But where do resources for effecting such corruption come from? The obvious mechanism is large-scale transfer of petty property or public property to private individuals or corporates, both domestic and foreign, at throwaway prices — the process of what Marx had called “primitive accumulation of capital”. A part of the proceeds of such “primitive accumulation” finds its way into the pockets of politicians belonging to established bourgeois political parties, who are thereby made to acquiesce in such “primitive accumulation” in particular, and in the neo-liberal agenda in general.
We thus have a complete circle, a whole new political economy: the neo-liberal interlopers straddle traditional political parties, pushing them into pursuing neo-liberalism; and the latter fall in line inter alia because of the extensive prevalence of corruption that benefits their important members, the means for which comes from the pursuit of neo-liberalism it- self (with its attendant process of “primitive accumulation of capital”).
A whole range of resources, from coal to natural gas, which have always been seen legitimately as the exclusive preserve of the State in its role as the custodian of the nation’s interests, is handed over for private exploitation, and the gleeful beneficiaries give cuts to prominent members of bourgeois political parties (one of which was described by such a beneficiary as “apni dukan”) to keep the system going; and a set of neo-liberal technocrats presiding over this entire process justifies this aggrandizement in the name of promoting the ‘animal spirits’ of ‘entrepreneurs’ for higher growth.
Many have noted that in the current era of neo-liberalism, the process of primitive accumulation becomes far more significant compared to the process of normal accumulation, which consists in merely reinvesting the produced surplus value. In other words, growth of capital through the expropriation of petty property or State property increases greatly in scale compared to the growth of capital through the reinvestment of surplus value produced on it. One reason for this relative increase is that the scale of corruption required to keep the neo-liberal regime going, to make traditional political parties submit to the dictates of neo-liberalism (and the appetite for corruption, it should be noted, also grows over time), is too large to be accommodated from the produced surplus value, especially that part of it which accrues to the government.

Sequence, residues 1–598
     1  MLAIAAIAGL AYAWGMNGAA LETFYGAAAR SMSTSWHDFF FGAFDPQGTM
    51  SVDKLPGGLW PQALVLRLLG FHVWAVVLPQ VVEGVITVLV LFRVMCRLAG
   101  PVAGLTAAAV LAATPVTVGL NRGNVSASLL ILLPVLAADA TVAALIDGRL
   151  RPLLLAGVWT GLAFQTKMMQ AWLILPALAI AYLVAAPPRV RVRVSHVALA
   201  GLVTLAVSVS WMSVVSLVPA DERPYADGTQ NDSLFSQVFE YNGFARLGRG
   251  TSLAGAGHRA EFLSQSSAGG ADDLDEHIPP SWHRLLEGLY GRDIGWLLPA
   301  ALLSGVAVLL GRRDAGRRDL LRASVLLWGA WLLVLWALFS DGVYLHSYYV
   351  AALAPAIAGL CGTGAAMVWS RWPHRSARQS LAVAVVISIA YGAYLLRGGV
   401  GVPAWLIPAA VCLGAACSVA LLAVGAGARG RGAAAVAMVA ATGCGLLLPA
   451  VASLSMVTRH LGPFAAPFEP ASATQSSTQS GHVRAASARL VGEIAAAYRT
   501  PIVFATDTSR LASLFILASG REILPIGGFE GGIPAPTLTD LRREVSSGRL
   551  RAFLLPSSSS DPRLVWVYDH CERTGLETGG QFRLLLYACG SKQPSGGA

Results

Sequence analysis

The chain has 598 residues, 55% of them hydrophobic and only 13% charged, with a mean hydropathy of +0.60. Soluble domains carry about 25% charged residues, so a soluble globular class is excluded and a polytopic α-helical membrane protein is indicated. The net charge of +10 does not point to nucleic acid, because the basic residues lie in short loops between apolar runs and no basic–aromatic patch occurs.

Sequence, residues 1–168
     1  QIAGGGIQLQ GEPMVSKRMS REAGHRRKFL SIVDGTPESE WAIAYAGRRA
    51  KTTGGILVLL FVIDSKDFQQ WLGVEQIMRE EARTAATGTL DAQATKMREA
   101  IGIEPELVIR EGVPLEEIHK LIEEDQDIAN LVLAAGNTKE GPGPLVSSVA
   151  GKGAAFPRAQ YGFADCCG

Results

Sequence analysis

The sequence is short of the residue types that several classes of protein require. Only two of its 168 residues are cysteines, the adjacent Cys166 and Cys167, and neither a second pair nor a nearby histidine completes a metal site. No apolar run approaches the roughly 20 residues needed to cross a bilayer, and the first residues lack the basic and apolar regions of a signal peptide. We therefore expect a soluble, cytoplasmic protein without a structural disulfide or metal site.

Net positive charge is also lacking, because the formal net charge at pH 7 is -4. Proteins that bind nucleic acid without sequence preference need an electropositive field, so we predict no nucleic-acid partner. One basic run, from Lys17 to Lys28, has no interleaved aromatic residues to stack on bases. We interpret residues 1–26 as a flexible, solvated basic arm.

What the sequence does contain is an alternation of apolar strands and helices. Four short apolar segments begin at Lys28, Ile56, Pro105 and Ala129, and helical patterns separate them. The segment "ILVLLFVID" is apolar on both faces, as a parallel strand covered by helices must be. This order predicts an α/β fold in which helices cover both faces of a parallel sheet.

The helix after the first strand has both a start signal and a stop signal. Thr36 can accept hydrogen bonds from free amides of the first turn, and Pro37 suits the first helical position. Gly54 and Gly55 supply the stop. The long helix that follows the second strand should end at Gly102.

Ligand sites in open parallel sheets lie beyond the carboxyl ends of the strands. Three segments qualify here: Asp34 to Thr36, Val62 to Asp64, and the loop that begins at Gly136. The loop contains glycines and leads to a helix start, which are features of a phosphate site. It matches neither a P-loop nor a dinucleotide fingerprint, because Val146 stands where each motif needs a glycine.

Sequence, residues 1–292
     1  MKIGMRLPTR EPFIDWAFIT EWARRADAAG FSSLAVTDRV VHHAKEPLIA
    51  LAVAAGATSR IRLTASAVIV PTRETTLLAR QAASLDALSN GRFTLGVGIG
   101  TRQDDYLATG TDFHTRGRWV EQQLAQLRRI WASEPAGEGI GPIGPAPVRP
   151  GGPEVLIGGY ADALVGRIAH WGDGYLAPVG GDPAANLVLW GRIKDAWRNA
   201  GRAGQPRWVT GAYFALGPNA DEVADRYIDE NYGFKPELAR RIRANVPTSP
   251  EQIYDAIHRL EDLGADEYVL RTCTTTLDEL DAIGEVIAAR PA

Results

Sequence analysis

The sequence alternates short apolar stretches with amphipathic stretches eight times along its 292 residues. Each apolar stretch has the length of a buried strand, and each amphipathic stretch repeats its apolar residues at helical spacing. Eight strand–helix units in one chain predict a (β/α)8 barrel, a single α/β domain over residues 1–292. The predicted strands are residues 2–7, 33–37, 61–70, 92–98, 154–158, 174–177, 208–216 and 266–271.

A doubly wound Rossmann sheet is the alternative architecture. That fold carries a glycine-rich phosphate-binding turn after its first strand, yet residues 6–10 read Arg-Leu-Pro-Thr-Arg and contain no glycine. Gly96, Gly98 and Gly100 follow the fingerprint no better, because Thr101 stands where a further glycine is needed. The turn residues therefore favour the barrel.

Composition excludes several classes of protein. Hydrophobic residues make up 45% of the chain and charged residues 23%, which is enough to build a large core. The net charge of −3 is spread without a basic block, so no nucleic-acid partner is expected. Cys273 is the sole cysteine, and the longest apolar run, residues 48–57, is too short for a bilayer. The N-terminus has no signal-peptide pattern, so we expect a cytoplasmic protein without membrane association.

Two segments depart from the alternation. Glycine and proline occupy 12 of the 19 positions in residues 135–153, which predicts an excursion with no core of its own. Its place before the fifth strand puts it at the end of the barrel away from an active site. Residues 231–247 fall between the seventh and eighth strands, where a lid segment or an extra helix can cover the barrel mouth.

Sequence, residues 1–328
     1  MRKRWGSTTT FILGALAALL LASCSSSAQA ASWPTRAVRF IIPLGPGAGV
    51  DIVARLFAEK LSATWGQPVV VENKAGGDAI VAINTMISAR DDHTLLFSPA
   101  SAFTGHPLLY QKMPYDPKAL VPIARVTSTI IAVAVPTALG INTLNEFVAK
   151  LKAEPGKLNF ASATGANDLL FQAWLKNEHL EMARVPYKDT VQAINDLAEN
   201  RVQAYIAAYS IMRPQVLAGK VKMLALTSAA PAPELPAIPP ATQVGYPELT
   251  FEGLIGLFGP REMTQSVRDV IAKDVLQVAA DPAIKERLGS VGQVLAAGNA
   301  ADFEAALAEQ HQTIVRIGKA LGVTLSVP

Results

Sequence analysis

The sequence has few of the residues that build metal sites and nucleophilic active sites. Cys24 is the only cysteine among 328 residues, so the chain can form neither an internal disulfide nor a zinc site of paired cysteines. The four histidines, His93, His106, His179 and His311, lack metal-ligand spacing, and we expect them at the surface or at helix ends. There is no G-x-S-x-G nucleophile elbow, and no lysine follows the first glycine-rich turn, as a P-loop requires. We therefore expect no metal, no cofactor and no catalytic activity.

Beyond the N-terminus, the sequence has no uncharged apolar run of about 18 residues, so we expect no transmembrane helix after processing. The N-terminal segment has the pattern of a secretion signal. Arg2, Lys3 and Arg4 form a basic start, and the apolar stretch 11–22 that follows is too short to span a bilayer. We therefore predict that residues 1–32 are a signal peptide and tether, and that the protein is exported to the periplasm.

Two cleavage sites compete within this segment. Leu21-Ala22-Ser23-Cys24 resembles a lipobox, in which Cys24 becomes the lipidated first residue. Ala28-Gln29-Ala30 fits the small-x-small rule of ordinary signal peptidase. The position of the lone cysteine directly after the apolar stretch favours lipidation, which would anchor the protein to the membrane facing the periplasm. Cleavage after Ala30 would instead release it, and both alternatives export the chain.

The part of surplus value that accrues to the capitalists belongs to them, in any case, and sustaining corruption out of it would mean a diminution in what is left for them rather than an increase. Therefore, an increase in their wealth, which can also sustain the requisite corruption, requires a transfer of property from others to the capitalists— that is, from petty owners or from the State. It requires, more than a ‘flow’ transfer (in the form merely of income shifts), a ‘stock’ transfer (in the form of property shifts) in favour of the capitalists, which is precisely what the process of primitive accumulation brings about.
But to make such stock transfer of assets from petty owners to large capitalists possible, the former must be reduced to penury, their flow incomes must be squeezed, which requires a withdrawal of support from them by the State. And such a withdrawal occurs too as part of the agenda of neo-liberalism, through the so-called ‘retreat of the State’ and ‘leaving things to the market’. Their input costs are jacked up through a reduction of subsidies, even as their output prices become subject to world market fluctuations. This pincer drives them to borrowing from usurious moneylenders, because institutional credit is also increasingly denied to them, and, eventually, to being dispossessed of their assets (if they have not committed suicide in the interim). The absolute impoverishment that we see in contemporary India, which is confirmed by NSS data on hunger and malnutrition, is closely linked to this phenomenon.
Corruption is usually seen as a moral failure, a fall from grace, on the part of some individuals whose numbers, it is lamented, have grown rapidly of late. It is, however, a systemic phenomenon rooted in the political economy of neo- liberalism, with a very definite role in its modus operandi. Even if this role is not consciously engineered by those who promote this regime, they have sufficient implicit understanding of it not to thwart its operation.